This chapter explores the discovery of new or enhanced theory within the action research process. Action research is an empirical research method with two purposes: (1) to solve an immediate practical problem, and (2) to develop new scientific knowledge. Action research projects sometimes succeed at the first, but fail at the second. The highly practical nature of action research sometimes leads to results that have little to contribute in terms of new scholarly knowledge. Although a difficult practical problem may have been resolved, academic publications will often reject reports of the results because the theoretical value is trivial. Action research that encounters difficulties in the attempts to employ existing theory in resolving an immediate practical problem is a more promising venue for developing new or enhanced theory. The most valuable venues for action research lie in the intractable problems of practice, problems that existing knowledge cannot seem to fix.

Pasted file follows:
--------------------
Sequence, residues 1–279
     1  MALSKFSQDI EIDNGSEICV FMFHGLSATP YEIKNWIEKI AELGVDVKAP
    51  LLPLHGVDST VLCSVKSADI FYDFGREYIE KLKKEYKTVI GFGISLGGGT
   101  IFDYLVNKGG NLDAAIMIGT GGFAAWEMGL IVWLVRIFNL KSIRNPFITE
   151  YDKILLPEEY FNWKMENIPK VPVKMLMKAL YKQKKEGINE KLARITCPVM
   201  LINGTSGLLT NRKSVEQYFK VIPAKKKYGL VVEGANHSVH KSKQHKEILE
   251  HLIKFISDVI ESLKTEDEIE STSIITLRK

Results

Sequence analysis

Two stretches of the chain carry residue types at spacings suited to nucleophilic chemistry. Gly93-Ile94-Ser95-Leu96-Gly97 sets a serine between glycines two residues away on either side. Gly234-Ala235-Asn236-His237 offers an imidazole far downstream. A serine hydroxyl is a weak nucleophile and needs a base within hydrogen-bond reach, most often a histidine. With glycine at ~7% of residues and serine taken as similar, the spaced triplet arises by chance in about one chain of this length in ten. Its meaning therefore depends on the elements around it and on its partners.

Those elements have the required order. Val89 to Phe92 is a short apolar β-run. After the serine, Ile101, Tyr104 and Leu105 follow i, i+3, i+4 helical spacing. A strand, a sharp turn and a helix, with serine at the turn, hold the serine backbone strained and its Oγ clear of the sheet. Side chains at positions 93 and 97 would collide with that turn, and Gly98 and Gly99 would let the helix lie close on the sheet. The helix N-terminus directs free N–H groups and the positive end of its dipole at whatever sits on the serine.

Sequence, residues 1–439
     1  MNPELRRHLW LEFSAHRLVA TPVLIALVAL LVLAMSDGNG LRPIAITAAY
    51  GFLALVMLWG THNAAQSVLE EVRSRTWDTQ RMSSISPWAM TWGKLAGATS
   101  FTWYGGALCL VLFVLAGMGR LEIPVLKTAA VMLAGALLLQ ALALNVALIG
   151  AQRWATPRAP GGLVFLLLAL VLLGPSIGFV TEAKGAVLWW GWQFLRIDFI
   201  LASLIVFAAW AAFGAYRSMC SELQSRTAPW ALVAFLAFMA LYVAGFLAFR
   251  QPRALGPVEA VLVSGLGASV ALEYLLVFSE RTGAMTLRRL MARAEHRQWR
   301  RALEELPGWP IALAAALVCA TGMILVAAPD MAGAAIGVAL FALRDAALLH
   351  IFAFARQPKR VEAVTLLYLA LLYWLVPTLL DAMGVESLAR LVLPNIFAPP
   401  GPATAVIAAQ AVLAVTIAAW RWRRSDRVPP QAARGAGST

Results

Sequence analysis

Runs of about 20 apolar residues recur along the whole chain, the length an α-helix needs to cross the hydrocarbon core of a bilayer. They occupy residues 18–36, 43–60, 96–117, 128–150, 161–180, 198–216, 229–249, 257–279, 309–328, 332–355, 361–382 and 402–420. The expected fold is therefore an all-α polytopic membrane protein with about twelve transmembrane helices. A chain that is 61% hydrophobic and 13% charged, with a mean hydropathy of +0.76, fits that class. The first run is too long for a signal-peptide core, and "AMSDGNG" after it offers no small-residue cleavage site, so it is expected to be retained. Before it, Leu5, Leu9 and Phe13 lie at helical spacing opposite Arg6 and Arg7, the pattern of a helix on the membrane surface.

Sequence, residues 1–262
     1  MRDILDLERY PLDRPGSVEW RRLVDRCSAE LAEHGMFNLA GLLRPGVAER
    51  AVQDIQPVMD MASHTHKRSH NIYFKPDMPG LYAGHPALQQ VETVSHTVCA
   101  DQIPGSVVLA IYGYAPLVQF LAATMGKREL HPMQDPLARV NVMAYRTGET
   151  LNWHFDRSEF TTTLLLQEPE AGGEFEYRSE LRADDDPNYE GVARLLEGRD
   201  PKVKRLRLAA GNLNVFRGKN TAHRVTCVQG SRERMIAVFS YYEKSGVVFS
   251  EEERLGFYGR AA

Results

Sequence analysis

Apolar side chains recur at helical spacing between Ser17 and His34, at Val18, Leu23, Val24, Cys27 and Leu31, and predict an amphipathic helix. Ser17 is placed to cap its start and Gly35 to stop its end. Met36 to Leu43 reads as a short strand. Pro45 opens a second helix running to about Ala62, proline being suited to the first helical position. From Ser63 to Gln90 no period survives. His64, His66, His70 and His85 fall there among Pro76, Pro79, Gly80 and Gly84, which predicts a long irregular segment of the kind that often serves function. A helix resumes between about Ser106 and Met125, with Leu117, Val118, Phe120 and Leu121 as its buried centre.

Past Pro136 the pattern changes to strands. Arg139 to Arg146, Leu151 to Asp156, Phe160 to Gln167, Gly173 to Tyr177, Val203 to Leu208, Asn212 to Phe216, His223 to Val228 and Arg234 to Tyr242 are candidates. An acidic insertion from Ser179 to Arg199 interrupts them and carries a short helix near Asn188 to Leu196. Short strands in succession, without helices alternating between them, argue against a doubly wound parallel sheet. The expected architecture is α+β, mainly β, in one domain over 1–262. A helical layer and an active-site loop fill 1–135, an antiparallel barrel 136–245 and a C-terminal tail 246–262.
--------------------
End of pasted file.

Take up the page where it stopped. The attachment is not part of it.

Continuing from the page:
- Action Research
- Information Systems
- Research Method
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Baskerville, R. (2007). Educing Theory from Practice. In: Kock, N. (eds) Information Systems Action Research. Integrated Series in Information Systems, vol 13. Springer, Boston, MA. https://doi.org/10.1007/978-0-387-36060-7_13
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